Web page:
In the current context of negative public market performance and elevated volatility, many investors might be tempted to take a tactical pause in their allocation to private equity. While timing obviously can and does impact PE fund performance, it is a fool’s errand for even skilled investors to attempt to actively time investments in the asset class.
The impossibility of timing an investment in PE stems primarily from the interaction between its investment mechanics and the unpredictability of the economic and business environment. Here is an explanation in simple terms why it makes sense to diversify across PE vintages by committing steadily over time.
Investment Mechanics Make Market Timing Impractical
A vintage year—the year in which a PE fund first draws capital—effectively signals the start of a 10-plus-year process. Fund lifecycles are split into an investment period that typically lasts up to three to five years and a subsequent harvesting period that can last as long as four to seven, or even longer with extensions (See Exhibit 1).
At least a small share of capital committed today to a primary PE fund may not be invested until 2027. So, an investor may be confident that they have a good read of today’s entry environment, but given the lag between committing capital and its deployment, and the flexibility that managers have as to when precisely they then deploy that capital, only some of an investor’s capital will be invested in something resembling the current environment. And as the COVID-19 pandemic has reminded us, circumstances can change quickly and dramatically.
The further out we attempt to forecast market conditions, the less likely we are to be accurate. Which means attempting to predict the conditions in which the fund will look to exit its investments is even more futile.
The mechanics of the PE model therefore mean that trying to cherry-pick vintage years would require exceptional market foresight and macro timing. However, it should be noted that the latitude granted to managers to time investment decisions—both in terms of entries and exits—has been a meaningful contributor to returns, and may help mitigate against adverse performance in more challenging environments.
Buy When There’s Blood in the Streets
The performance of PE funds over more than two decades reinforces the idea that pausing allocations in adverse public markets and/or during economic downturns would be a bad idea (See Exhibit 2). As Baron Nathan Rothschild once famously said, “Buy when there’s blood in the streets, even if the blood is your own.”
Having just argued that you cannot time the PE market, it may seem odd to connect historical market cycles to performance. History is not circular, and there is no guarantee that buyout fund returns will again improve during a market downturn—though there are many reasons to expect these funds to find value in a more favorable acquisition environment and benefit from a medium-term economic recovery. The more important point is that there is no compelling argument to be found in the data to not invest in PE funds because of an economic downturn.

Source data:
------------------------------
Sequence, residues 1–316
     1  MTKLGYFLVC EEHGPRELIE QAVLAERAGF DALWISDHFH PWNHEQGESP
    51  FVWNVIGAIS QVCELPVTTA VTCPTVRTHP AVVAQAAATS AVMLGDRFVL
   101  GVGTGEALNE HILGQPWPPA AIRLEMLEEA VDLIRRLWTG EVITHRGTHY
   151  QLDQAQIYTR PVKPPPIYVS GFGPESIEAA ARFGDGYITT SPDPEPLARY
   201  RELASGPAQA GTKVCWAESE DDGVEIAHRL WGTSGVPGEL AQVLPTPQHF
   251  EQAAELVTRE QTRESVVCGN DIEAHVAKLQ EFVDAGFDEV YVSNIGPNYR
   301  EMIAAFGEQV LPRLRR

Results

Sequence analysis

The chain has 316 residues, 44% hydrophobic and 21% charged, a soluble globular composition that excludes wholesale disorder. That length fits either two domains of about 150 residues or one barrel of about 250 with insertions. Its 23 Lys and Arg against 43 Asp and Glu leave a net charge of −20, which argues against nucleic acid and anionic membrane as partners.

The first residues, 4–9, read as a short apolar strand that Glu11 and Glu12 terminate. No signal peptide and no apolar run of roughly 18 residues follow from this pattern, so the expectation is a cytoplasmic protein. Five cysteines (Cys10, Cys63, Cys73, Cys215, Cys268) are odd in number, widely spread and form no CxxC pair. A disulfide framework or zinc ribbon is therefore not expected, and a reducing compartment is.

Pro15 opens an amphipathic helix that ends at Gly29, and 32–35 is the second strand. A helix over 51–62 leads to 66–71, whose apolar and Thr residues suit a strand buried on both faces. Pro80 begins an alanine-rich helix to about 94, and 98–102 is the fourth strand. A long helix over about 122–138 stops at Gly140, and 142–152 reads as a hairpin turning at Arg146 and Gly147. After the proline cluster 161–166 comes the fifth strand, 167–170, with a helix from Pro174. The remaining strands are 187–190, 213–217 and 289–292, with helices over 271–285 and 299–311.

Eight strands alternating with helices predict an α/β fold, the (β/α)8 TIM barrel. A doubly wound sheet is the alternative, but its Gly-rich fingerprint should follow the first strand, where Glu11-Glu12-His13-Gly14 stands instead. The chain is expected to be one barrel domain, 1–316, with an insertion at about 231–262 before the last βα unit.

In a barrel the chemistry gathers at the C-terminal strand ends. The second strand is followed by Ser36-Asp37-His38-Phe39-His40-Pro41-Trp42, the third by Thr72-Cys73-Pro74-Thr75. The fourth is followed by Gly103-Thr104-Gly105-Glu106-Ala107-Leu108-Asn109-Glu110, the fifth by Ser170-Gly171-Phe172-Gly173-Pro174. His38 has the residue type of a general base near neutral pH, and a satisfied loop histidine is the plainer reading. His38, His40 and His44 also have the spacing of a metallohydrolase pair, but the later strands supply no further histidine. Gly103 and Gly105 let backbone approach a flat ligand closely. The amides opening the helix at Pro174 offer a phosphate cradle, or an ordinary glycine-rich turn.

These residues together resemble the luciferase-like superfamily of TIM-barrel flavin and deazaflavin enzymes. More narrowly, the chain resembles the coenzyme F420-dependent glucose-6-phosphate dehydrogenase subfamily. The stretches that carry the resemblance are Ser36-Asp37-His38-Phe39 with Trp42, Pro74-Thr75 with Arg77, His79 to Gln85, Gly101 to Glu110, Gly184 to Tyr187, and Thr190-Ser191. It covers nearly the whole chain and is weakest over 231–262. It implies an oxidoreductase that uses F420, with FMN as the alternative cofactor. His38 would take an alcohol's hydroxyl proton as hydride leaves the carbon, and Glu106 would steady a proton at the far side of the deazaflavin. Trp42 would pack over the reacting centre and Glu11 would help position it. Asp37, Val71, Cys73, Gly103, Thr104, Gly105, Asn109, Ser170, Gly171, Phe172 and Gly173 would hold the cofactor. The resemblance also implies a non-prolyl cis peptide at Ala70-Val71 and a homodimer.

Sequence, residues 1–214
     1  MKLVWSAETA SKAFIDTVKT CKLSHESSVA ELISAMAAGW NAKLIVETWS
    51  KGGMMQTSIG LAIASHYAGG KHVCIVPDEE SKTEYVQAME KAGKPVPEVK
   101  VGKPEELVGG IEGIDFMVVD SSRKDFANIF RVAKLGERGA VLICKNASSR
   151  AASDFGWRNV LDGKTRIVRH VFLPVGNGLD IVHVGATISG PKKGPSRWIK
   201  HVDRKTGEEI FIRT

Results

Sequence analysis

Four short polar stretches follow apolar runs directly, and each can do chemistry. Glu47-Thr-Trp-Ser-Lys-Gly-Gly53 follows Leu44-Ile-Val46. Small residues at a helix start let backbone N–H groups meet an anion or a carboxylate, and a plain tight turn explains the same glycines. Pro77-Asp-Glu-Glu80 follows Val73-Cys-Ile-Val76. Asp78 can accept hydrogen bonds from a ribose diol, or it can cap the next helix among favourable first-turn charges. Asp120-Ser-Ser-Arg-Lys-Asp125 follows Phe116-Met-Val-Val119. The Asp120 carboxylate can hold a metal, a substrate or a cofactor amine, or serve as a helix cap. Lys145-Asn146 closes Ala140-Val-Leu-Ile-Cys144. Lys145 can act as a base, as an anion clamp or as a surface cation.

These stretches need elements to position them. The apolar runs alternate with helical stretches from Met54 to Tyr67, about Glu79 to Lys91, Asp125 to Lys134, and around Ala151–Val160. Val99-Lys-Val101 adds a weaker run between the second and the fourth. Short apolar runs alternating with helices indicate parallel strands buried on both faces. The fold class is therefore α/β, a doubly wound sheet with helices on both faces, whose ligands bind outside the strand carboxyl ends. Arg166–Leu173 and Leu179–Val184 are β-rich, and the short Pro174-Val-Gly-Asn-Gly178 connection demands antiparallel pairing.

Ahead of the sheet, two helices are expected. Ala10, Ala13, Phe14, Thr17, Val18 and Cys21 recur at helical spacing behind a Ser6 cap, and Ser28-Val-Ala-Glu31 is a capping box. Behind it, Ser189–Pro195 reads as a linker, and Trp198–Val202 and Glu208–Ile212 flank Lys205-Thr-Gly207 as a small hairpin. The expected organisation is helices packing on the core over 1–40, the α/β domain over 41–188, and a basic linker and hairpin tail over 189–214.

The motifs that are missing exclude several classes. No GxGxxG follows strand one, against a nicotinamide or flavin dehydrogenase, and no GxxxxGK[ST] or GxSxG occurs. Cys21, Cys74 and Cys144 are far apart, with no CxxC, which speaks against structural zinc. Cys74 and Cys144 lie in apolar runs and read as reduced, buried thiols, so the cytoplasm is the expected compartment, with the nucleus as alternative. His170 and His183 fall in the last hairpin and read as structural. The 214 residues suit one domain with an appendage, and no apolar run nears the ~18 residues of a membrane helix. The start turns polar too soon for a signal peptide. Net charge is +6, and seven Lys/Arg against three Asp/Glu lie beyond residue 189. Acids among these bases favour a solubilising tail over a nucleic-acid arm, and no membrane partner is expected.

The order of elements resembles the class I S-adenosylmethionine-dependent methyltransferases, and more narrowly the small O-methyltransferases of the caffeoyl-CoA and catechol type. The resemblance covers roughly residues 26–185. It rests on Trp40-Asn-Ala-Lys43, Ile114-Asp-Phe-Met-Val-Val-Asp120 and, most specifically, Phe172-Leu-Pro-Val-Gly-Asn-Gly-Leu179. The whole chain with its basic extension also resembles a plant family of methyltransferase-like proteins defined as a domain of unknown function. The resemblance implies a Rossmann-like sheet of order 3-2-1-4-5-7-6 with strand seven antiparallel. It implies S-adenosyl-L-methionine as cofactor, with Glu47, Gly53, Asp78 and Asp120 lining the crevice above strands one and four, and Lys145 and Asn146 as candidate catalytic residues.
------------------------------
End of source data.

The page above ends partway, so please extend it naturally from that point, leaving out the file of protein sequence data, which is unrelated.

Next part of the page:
Exhibit 3 illustrates and compares the hypothetical investment outcomes of committing capital to U.S. buyout funds only during bull markets—defined as calendar years in which the S&P 500 was up—or bear markets. Putting aside the impracticality of such an approach, which would require exceptional foresight and lead to uneven allocations that would create an unsustainable private equity program, the data show that the pooled IRR was higher for bear market vintages, while the TVPI was slightly higher for bull market ones.
The discrepancy between IRR and TVPI principally reflects a complicated mix of entry and exit timing and investment holding periods that form part of the private equity valuation process. Fundamentally, the only sensible conclusion to draw is that the difference in performance is insignificant.
While committing to buyout funds during a downturn has historically produced better returns than allocating to the vintages that directly preceded that decline (as Exhibit 2 shows), committing to vintages when stocks are rising does not necessarily produce weaker outcomes. For example, the 2009 to 2014 and 2016 to 2017 bull market vintage groups have so far produced pooled TVPIs of 2.05x and 1.91x, respectively.
Consistent Commitment to a Diversified PE Portfolio
Investors can help mitigate the impact of vintage performance volatility by allocating across multiple vintages and selecting high-quality investment managers. Manager selection is far more important than vintage selection in PE and has the added virtue of being a feasible exercise.
Furthermore, a steady allocation pace across vintages adds critical diversification, helping to mitigate risk in a similar fashion to dollar-cost averaging, and allows an investor to build out a systematic PE program that eventually becomes self-funding by producing distributions they can reinvest. Skipping a vintage can make maintaining allocation targets difficult by disrupting this virtuous circle of distribution and reinvestment.
Timing the markets in the context of performing fundamental analysis on individual, liquid stocks is difficult enough. Given the nature of PE fund investing, a vintage selection approach that attempts to predict both market conditions and the performance of specific strategies far into the future has a slim chance of consistent success. This underscores the basic need to construct PE allocations that are diversified across as many dimensions as your resources can sustain, including by manager, strategy, geography, and vintage.
Kimling Fink is senior vice president, research and due diligence at iCapital. Richard Wells is vice president, portfolio management at iCapital.